A bioactive constituent of Delphinium ajacis, which acts as a nicotinic receptor antagonist
Methyllycaconitine (MLA) is a norditerpenoid alkaloid isolated from various Delphinium spp., and is thought to be responsible for the toxicity observed in these plants.
At Aphios®, MLA is extracted from Delphinium ajacis (rocket larkspur) seeds using long-column chromatography and then it is stabilized by crystallization as the citrate salt.
Methyllycaconitine is a selective and potent antagonist of the α7 neuronal nicotinic acetylcholine receptors (nAChR) (Ki = 1.4 nM) (Ward et al., 1990). nAChR are ligand-gated ion channels that mediate fast synaptic transmission.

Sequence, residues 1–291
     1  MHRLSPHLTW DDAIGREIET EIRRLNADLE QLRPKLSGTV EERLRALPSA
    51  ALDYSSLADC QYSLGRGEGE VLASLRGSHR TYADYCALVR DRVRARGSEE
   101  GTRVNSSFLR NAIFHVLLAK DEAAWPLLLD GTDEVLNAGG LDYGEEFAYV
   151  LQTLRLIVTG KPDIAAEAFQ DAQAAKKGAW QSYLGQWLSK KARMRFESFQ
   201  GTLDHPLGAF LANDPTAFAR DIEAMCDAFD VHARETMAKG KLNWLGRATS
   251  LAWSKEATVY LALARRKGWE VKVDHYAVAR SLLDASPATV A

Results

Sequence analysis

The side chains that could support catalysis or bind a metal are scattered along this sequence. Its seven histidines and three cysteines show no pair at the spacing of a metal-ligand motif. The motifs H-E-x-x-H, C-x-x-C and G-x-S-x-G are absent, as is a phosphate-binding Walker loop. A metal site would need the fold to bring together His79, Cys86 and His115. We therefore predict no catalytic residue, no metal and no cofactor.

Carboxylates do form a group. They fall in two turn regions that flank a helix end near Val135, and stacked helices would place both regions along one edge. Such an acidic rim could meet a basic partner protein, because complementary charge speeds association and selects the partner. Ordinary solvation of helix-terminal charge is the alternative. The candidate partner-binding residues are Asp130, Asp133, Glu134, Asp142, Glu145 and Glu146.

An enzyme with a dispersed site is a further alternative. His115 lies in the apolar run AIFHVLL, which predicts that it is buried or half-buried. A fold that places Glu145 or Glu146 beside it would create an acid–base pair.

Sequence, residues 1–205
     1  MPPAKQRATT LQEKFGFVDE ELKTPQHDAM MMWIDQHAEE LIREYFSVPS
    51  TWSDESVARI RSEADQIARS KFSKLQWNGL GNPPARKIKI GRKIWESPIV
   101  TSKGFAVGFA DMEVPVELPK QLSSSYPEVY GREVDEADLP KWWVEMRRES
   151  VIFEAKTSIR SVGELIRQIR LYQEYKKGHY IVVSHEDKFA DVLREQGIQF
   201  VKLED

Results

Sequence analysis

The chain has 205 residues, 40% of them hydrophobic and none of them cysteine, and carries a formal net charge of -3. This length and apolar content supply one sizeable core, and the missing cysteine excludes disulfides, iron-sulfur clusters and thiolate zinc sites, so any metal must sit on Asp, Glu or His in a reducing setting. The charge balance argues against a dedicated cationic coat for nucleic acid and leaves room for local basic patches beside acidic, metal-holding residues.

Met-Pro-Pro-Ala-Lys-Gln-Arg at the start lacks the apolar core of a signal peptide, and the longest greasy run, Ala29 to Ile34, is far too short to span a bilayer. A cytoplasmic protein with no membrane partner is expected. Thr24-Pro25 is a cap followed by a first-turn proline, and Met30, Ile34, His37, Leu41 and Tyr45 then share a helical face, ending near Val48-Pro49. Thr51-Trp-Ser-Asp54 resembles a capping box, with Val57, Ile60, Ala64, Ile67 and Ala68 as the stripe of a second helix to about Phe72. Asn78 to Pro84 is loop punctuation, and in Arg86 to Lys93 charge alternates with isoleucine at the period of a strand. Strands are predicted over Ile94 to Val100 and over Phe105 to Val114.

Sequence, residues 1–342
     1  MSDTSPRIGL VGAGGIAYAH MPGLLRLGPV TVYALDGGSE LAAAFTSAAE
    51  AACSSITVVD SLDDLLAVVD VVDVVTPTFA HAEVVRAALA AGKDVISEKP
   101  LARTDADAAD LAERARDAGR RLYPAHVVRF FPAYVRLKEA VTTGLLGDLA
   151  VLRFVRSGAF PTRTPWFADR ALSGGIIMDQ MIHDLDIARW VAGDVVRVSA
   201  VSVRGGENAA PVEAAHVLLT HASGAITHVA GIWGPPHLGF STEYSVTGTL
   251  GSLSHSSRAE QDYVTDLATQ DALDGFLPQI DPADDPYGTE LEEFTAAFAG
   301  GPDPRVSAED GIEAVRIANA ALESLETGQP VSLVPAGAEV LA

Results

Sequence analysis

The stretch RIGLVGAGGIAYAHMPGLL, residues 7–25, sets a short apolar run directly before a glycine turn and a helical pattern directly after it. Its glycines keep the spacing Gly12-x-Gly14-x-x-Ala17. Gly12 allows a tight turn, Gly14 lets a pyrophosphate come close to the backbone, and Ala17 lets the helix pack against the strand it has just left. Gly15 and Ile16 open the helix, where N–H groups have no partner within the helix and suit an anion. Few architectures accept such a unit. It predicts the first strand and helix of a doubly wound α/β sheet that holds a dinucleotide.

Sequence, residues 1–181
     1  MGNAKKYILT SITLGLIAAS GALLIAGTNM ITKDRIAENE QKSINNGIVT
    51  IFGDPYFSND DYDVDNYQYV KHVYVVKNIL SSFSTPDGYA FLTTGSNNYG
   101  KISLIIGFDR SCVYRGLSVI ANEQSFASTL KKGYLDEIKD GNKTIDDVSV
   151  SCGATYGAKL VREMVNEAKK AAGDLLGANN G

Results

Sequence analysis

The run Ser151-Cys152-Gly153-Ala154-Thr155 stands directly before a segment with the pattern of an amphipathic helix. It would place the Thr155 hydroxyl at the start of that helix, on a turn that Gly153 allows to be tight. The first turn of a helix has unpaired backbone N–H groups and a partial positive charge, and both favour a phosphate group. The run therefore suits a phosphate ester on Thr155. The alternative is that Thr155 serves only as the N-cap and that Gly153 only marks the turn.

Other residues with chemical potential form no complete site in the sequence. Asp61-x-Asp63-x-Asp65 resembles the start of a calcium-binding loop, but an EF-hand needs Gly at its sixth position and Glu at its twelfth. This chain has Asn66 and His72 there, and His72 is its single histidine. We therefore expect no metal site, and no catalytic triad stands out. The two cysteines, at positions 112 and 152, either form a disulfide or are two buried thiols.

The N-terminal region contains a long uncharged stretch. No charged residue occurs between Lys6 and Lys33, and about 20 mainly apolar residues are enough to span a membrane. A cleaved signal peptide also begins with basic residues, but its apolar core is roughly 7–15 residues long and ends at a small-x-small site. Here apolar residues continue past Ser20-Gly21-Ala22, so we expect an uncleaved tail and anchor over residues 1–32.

A study by Dobelis et al. (1999) showed that MLA acts as a nicotinic receptor antagonist that reduces synaptic efficacy and blocks neuromuscular transmission. The toxicity of the alkaloid is thought to be due to the substituent at C14 and the ester function in C18, which determines the potency and possibly the mechanism of nicotinic acetylcholine receptor blockade for MLA (Dobelis et al., 1999).
Dobelis P, Madl J, Pfister J, Manners G and Walrond J. (1999). Effects of Delphinium alkaloids on neuromuscular transmission. JPET 291: 538-546.
Ward J, Cockcroft V, Lunt G, Smillie F and Wonnacott S. (1990). Methyllycaconitine: a selective probe for neuronal alpha-bungarotoxin binding sites. FEBS letters 270: 45-48.